Reels
Home
About Me
Tackle Then and Now
Bivvies
Reels
Rods
Tales from the Bivvy
Two Days In Essex
Boulancourt
Abbey Lakes
Renarde
Margot
Morgane
Negreloube
Negreloube 2
Negreloube 3
La Fonte
L'Etourneau
Catfishing
The first
New PB
The Monster
Photo Gallery
Friends and Family
All Me
Ebro Fishing
Darrell's Bream
Darrell's Pike
Darrell's Common
In Memoriam
Links

Back when I started carp fishing the reels to use were Mitchels, I owned three Mitchell 300's. Abu made a better reel, the Cardinal 55, these at the time were far too expensive for me so the 300's were my choice.
They had push button release spools, a clutch that gave line (with a good pull), a handle that turned inwards by loosening a knurled cap at the end of the shaft. The anti reverse mechanism made a noise when reeling in with it turned on, but when turned off could be used to indicate takes (churners) the handle would spin like a goodun, but rarely overspin and cause a tangle.
We also used to fish "open bale arm style" and connect to the running carp with one quick turn of the handle. Other times we would loosen the clutch to allow line to be given before the strike, however we had to remember to "cup" the left hand over the spool on the strike, I often find myself still doing this after all these years using reels with baitrunners.

The Baitrunner

During the later half of the 70's a new reel become available, the Shimano Baitrunner, these reels were to be carp fishing's most popular reel and soon became THE reel to use.
The originals were Shimano sea spins 3500 or 4500 and the Baitrunner plus 4500, I had and still have three 4500 pluses. The main difference between the pluses and the standard sea spins were the easier to use clutch at the front of the spool. The sea spins had the standard knob whereas the pluses had like a winged lever system. These reels cost nearly 80 each, way back in the 70's and I purchased them at the first CAA conference at Wembley.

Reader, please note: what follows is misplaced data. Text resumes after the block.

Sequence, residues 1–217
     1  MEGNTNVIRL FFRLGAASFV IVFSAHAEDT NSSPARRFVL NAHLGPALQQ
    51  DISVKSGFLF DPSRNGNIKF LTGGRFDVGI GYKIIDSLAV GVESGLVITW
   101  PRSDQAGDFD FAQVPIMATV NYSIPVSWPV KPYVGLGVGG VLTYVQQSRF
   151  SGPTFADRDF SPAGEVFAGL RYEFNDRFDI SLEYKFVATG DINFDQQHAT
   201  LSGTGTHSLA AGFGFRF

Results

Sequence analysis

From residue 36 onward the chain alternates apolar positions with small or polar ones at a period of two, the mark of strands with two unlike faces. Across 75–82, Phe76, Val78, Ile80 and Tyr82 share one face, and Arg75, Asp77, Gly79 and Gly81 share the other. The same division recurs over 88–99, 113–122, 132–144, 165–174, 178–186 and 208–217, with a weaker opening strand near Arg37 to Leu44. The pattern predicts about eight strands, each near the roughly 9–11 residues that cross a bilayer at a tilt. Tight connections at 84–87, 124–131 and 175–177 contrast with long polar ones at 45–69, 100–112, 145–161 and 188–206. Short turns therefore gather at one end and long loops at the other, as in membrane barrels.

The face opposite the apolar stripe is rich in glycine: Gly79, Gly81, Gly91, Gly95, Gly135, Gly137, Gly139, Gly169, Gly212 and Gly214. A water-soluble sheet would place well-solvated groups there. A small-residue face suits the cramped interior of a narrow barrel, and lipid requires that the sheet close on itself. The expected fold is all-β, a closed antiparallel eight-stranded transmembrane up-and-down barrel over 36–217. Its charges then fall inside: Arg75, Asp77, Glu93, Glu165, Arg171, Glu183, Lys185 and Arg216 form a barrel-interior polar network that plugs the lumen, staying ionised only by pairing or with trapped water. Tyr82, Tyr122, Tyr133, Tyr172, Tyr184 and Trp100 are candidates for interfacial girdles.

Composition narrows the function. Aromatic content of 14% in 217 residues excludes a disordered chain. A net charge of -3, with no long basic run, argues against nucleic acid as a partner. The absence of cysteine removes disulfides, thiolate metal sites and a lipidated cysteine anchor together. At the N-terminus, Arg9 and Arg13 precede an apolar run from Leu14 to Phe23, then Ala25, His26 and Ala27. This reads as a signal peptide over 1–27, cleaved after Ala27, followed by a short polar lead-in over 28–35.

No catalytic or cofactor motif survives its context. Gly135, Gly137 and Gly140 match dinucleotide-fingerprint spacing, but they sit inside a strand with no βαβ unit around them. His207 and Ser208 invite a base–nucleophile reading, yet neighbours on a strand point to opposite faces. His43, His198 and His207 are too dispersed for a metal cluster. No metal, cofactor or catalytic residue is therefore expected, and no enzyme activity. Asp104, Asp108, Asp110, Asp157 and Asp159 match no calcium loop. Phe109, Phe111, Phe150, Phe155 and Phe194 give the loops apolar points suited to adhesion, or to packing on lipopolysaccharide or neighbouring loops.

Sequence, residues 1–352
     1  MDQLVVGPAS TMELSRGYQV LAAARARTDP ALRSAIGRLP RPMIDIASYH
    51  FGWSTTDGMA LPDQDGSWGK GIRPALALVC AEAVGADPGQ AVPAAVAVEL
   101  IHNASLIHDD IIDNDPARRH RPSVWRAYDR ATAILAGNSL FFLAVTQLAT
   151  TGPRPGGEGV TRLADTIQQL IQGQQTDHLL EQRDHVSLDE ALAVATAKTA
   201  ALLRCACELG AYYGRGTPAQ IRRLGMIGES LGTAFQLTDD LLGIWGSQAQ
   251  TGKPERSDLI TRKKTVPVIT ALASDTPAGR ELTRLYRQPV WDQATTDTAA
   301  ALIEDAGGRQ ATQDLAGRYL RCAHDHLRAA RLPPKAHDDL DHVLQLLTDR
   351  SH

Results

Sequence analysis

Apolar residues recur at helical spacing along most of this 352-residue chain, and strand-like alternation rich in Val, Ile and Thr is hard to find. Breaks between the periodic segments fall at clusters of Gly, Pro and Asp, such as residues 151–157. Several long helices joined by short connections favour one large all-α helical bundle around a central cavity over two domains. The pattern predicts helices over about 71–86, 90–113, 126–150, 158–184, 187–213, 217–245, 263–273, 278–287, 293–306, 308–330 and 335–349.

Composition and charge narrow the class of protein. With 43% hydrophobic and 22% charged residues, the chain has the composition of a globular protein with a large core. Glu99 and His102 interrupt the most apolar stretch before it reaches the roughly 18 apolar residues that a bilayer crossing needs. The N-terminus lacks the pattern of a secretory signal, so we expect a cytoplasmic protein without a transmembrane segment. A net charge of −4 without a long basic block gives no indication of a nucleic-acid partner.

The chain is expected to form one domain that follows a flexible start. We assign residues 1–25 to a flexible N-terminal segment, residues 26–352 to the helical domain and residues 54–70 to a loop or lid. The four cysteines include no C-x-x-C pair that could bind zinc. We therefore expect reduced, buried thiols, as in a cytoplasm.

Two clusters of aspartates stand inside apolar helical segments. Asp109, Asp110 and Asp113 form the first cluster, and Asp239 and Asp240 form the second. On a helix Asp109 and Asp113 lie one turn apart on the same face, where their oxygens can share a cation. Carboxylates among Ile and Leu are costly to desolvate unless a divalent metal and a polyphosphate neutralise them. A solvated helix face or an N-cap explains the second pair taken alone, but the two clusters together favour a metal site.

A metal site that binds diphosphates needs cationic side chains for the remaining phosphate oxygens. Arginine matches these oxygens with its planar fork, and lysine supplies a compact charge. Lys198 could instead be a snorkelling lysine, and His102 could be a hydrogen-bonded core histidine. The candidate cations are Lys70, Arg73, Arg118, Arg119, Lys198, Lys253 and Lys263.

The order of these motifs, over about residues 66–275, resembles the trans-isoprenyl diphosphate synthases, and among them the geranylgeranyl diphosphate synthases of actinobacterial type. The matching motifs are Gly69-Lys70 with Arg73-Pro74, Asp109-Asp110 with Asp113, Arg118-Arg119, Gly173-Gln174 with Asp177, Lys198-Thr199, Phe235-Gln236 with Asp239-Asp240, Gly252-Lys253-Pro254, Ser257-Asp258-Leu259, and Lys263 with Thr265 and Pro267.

They looked huge compared to the 300's and soon became known as the "meat grinders". We were not using line over 10lb in those days so they held an immense amount of line, we always backed the spools with some old line or string to allow us to bring the line to the tip of the spool. I could now cast further and could fish with the bail arm closed and the baitrunner gave line when a fish ran.
Although these reels have never had a spare part fitted or needed any repair whatsoever they are still very good reels to use today, especially when not casting over 60yds.

Modern Aero Baitrunners

The next reels from Shimano were better still than the sea spins, we now had long tapered spools, better line lay, rear drag and they were much lighter. The models available were Aero 3000, 3500, 4000, 4500, the 3000 and 3500 were same size reel with different spools and the 4000 and 4500 were bigger than the 3 series but again had different spools. These really were the business and are still basically the same as current models 6010 and 8010.
The addition of twin handles and Dyna balance, although improving the performance of the Baitrunner reel has not changed the concept of this highly efficient  reel .
For distances up to 100yds with line below 14lb BS they still cannot be beaten, they cast smoothly, the line lay is perfect and the clutch gives line when needed, the baitrunner facility always works and disengages at the turn of the handle.